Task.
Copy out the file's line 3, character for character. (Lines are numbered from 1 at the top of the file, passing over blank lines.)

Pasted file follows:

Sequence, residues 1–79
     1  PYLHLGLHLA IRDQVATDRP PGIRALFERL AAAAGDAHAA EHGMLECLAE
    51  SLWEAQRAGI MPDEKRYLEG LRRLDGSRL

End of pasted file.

    51  SLWEAQRAGI MPDEKRYLEG LRRLDGSRL